Men too can get breast cancer and those with naturally high levels of the female hormone estrogen may be at a greater risk, shows a new study.
Men with the highest levels of estrogen were two-and-a-half times more likely to develop breast cancer than men with the lowest levels of the hormone, the researchers found.
"We have shown for the first time that just like some forms of the cancer in women, estrogen has a big role to play in male breast cancer," said study author professor Tim Key from Cancer Research UK.
"So now the challenge is to find out exactly what this hormone is doing to trigger this rare form of the disease in men, and why some men have higher levels of estrogen in their blood. Our discovery is a crucial step forward in understanding the factors behind male breast cancer," he noted.
The research at the National Cancer Institute in the United States was part of an international collaboration between Cancer Research UK, the National Cancer Institute and others.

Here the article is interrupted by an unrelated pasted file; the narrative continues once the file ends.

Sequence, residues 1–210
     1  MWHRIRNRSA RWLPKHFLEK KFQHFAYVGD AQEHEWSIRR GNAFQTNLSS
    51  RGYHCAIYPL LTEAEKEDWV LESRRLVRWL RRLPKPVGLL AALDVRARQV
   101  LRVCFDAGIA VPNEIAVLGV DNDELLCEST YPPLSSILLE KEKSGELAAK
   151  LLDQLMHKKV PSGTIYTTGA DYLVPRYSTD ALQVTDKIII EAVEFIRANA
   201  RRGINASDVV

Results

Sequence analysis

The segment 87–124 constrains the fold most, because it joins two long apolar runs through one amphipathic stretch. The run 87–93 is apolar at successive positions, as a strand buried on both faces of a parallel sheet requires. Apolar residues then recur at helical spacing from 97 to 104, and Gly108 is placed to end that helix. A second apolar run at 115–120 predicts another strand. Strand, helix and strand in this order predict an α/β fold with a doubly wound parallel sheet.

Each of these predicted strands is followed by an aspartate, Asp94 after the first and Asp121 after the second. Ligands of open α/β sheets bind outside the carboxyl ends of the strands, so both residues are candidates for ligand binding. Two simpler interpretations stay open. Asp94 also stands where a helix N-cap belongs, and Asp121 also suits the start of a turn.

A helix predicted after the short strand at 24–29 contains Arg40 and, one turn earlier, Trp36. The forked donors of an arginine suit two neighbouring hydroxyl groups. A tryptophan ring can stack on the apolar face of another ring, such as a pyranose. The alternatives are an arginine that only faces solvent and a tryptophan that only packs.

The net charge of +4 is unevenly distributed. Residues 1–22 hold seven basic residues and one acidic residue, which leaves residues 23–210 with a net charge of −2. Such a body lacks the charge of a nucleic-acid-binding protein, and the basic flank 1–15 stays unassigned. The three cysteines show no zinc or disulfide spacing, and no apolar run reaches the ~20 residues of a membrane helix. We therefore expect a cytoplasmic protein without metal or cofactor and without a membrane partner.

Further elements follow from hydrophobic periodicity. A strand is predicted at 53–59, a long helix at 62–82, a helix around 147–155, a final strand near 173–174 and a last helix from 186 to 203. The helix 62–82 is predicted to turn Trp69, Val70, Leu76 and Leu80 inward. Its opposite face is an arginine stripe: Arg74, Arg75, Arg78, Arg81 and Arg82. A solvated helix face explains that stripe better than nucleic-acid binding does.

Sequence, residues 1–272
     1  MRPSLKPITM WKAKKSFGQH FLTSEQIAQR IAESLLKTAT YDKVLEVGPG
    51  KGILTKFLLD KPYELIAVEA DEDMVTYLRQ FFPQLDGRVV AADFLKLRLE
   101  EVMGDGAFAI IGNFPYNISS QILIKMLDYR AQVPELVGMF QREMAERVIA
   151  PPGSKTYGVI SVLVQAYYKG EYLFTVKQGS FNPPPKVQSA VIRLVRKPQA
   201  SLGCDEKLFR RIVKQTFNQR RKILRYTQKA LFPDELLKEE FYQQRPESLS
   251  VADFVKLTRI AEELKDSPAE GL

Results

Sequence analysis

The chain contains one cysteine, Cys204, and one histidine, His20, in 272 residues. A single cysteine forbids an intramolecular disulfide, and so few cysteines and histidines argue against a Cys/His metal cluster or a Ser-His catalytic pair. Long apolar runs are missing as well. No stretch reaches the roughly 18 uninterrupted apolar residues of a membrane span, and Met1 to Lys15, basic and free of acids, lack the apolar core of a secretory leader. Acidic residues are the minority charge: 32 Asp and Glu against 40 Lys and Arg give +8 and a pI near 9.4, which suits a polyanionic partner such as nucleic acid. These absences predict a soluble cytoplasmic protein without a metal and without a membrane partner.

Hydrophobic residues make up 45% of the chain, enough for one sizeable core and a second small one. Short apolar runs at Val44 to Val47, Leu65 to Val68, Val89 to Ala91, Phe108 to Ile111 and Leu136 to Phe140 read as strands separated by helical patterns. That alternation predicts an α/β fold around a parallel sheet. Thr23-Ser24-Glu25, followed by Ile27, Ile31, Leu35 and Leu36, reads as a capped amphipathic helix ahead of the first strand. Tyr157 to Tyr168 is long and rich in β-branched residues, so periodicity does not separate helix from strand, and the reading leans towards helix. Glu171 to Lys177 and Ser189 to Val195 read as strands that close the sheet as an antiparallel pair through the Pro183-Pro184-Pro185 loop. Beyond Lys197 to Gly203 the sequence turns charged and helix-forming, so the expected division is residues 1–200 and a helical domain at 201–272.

The researchers compared estrogen levels in 101 men who went on to develop breast cancer with 217 healthy men. Although rare, the symptoms, diagnosis and treatment of male breast cancer are very similar to breast cancer in women. The main risk of developing the disease in men is age and almost eight in 10 cases are diagnosed in those aged 60 and older.
"This early research is crucial in understanding why these men get breast cancer -- so that one day we can treat it more effectively," Julie Sharp, head of health information at Cancer Research UK, noted.
The findings were detailed in the Journal of Clinical Oncology